#31Vin DieselFilm & TV177MFacebook
#32Narendra ModiPolitics175MTwitter
#33Justin TimberlakeMusic175MTwitter
#34Billie EilishMusic171MInstagram
#35Charli D'AmelioOther169MTikTok
#36Kourtney KardashianOther165MInstagram
#37Cardi BMusic160MInstagram
#38LeBron JamesSports157MInstagram
#39AdeleMusic156MFacebook
#40Priyanka ChopraFilm & TV144MInstagram
#41Germán GarmendiaGaming143MYoutube
#42Wiz KhalifaMusic142MFacebook
#43Felix "PewDiePie" KjellbergGaming141MYoutube
#44Akshay KumarFilm & TV140MInstagram
#45Snoop DoggMusic138MInstagram
#46Deepika PadukoneFilm & TV138MInstagram
#47Britney SpearsMusic137MTwitter
#48Shawn MendesMusic136MInstagram
#49Whindersson Nunes BatistaOther135MInstagram
#50Salman KhanFilm & TV134MFacebook

Unsurprisingly, celebrities reign supreme on social media. As of April 2021, soccer superstar Cristiano Ronaldo was the most-followed person on social media with more than 500 million total followers.

But there are other illuminating highlights, such as the global reach of music. With large and diverse fanbases, artists account for half of the top 50 largest social media followings.

Also notable is the power of Instagram, which was the biggest platform for 67% of the top 50 social media influencers. This includes hard-to-categorize celebrities like the Kardashians and Jenners, which turned reality TV and social media fame into business and media empires.

Download the Generational Power Report (.pdf)

The Generational Power Index

The Most Followers on Twitter, TikTok, and YouTube

However, it’s not only celebrities that dominate social media.

Personalities that started on one social media platform and developed massive followings include TikTok’s most-followed star Charli D’Amelio and YouTubers Germán Garmendia, Felix “PewDiePie” Kjellberg, and Whindersson Nunes Batista.

Politicians were also prominent influencers. Former U.S. President Barack Obama has the most followers on Twitter, and India’s Prime Minister Narendra Modi has more than 175 million followers across social media.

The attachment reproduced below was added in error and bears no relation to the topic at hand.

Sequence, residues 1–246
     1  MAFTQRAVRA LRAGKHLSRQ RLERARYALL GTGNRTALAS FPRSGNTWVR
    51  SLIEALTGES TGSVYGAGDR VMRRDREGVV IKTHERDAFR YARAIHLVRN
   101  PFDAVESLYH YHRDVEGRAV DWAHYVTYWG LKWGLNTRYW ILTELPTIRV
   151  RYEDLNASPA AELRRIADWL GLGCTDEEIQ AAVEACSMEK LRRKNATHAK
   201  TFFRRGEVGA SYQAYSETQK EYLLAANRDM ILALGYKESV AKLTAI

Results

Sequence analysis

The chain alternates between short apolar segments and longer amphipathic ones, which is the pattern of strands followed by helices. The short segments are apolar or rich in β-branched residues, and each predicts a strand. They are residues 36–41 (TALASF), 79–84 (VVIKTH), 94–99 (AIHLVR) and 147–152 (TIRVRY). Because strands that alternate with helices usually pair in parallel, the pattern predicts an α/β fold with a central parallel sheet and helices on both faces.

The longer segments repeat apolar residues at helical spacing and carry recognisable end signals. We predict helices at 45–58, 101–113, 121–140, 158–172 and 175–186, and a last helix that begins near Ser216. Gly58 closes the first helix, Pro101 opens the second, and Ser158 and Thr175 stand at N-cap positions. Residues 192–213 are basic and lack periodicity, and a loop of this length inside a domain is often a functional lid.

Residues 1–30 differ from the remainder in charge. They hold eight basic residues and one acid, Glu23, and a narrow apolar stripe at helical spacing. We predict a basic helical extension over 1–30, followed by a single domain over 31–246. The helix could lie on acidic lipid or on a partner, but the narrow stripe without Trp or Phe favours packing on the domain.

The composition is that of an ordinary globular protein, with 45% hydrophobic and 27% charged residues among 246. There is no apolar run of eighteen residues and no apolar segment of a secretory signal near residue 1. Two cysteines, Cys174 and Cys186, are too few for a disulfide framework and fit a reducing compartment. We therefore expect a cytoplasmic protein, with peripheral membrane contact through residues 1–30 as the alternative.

Former U.S. President Donald Trump would have also made the list with more than 140 million followers across social media before being banned from multiple platforms on January 8, 2021.

A Generational Look at Social Media Influence

While older generations have had to adapt to social media platforms, younger generations have grown up alongside them. As a measure of cultural importance, this gives Gen X, Millennials, and Gen Z a rare leg-up on older generations.

Millennials, in particular, hold the lion’s share of spots in this top 50 list:

Generation# of Influencers in GenerationTop Influencer in Generation
Gen Z4Kylie Jenner
Millennial33Cristiano Ronaldo
Gen X10Dwayne (The Rock) Johnson
Baby Boomer3Ellen DeGeneres

The average age of the top 50 influencers was just over 37.

In our Generational Power Index (GPI), which measures the share of power generations hold in various categories, digital platforms were a key area where Millennials derived their power and influence. Overall, Baby Boomers—and to a lesser extent, Gen X—still run the show in most areas of society today.

Social Media Influence, Going Forward

As most fans and advertisers know, not all social media accounts and followings are homogenous.

Many influencers with relatively small followings have more consistent engagement, and are often able to demand high advertising fees as a result.

Conversely, most social media platforms are reckoning with a severe glut of fake accounts or bots that inflate follower counts, impacting everything from celebrities and politicians to personalities and businesses.

Regardless, social media has become a mainstay platform (or soapbox) for today’s cultural influencers. Billions of people turn to social media for news, engagement, recommendations, and entertainment, and new platforms are always on the rise.

Editor’s Note: An earlier version of the data used for this story incorrectly counted Facebook likes instead of followers for some personalities. The content has since been corrected and updated.”

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Which U.S. Generation Wields the Most Cultural Power?